I am open to discussion when I come back from hospital later today. But this guy is 100% spot on. I dread what is coming, but in the words of a former President - a Democrat at that -

"Always will we remember the character of the onslaught against us.

No matter how long it may take us to overcome this premeditated invasion, the American people in their righteous might will win through to absolute victory.

I believe I interpret the will of the Congress and of the people when I assert that we will not only defend ourselves to the uttermost, but will make very certain that this form of treachery shall never endanger us again.

Hostilities exist. There is no blinking at the fact that that our people, our territory and our interests are in grave danger.

With confidence in our armed forces - with the unbounding determination of our people - we will gain the inevitable triumph - so help us God."

Preaching to the choir, I think, in this forum, but America keeps hitting the snooze button, and we are going to wake up and find all is lost.

As a famous PM once said: "If you will not fight for right when you can easily win without blood shed; if you will not fight when your victory is sure and not too costly; you may come to the moment when you will have to fight with all the odds against you and only a precarious chance of survival. There may even be a worse case. You may have to fight when there is no hope of victory, because it is better to perish than to live as slaves."

I think we are approaching the point of all odds against us.....but as for me, I will not submit; I will not surrender. Give me liberty or give me death."

Not a Marine, but still the motto applies to all who love the United Sates and all she stands for.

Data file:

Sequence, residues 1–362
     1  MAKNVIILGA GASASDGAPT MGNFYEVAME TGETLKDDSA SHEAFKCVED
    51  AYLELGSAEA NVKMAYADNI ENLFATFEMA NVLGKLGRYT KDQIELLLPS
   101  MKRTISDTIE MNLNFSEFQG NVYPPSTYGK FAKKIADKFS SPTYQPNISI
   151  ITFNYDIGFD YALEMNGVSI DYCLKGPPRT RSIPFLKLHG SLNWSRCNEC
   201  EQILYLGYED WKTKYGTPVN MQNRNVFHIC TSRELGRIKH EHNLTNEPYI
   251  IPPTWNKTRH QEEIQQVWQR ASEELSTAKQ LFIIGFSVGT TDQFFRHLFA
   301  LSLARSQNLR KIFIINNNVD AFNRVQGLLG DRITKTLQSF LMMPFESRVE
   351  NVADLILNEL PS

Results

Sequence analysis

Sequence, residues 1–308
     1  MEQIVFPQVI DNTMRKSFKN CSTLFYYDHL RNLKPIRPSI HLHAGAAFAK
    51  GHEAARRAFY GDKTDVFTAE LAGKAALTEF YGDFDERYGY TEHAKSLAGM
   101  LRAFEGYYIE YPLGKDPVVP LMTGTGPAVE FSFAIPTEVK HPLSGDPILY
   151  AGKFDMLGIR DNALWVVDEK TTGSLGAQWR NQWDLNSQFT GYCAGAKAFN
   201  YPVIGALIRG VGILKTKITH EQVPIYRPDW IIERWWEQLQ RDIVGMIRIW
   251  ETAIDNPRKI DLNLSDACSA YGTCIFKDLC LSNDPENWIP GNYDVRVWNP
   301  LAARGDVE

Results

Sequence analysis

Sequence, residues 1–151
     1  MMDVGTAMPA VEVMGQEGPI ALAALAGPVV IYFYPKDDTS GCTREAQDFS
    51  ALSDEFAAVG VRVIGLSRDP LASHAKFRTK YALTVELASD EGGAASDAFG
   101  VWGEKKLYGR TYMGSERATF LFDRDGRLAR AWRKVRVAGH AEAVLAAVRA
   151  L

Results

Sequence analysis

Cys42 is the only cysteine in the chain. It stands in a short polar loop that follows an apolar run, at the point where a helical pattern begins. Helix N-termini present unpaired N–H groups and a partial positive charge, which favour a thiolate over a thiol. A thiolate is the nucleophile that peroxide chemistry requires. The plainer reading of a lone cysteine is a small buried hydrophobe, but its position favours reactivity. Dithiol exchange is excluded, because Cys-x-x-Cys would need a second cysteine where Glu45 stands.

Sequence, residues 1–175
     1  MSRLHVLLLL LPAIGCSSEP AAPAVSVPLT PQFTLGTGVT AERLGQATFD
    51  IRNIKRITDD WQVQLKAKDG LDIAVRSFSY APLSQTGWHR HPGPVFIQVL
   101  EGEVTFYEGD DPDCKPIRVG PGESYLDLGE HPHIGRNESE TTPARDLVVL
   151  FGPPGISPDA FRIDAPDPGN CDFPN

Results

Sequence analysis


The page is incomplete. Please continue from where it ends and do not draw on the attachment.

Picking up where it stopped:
"SEMPER FIDELIS"

KP

Posted by: kbob in Katy at August 22, 2010 09:41 AM

Alternatively (or as leavening):

http://www.thedailyshow.com/watch/thu-august-19-2010/extremist-makeover---homeland-edition

Posted by: pond at August 22, 2010 03:34 PM

It's Jon Stewart. Obviously a better journalist, and investigative journalist than anyone the the EVIL FOCKSSSSSSSSS network.

Pond, you are showing me why they youth of America fail to understand almost anything. It's all a joke. Young people are immortal and flexible. I do not think that most are flexible enough to have their head(s) up their bohiney(s). Older folks generally tend to recognize that life is tough and it's tougher if you are stupid. Not everything is a joke, and one must stand for something or fall for anything.

I would say fully 50% of the young people (and older ones who believe in pixie dust and can smell unicorn farts) refuse to even listen to reason. They will be the ones on their knees.

I won't be.

Posted by: kbob in Katy at August 22, 2010 05:23 PM

Pond's back.

Somebody get the chlorine for the water.

Posted by: Ymarsakar at August 23, 2010 10:03 AM

These Americans are very racists because they do not want to build an Islamic center. These Americans are fascists because they are against tolerance and religious freedom. All Muslims are shocked because of this racism. Muslims respect any American who supports the idea of building an Islamic center in any site in America.

http://en.wikipedia.org/wiki/Islam

Khaled

Posted by: Khaled Al-Radadi at September 6, 2010 06:56 AM

The debate is not about building an Islamic Center, it's about building an Islamic Center on that site, and name-calling in an attempt to intimidate the people who oppose that is immature.

All Muslims are *not* shocked by the dispute. The Muslims I know are shocked that a shrine would be built so close to where such a great sin was committed.

Posted by: BillT at September 6, 2010 08:54 AM